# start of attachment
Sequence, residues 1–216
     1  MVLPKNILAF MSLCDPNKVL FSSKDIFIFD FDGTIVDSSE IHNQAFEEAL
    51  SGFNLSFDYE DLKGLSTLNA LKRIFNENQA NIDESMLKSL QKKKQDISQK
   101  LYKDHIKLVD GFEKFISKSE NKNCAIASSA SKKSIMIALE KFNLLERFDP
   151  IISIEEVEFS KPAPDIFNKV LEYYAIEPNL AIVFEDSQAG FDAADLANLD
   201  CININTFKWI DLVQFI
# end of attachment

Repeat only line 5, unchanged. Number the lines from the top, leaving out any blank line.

   151  IISIEEVEFS KPAPDIFNKV LEYYAIEPNL AIVFEDSQAG FDAADLANLD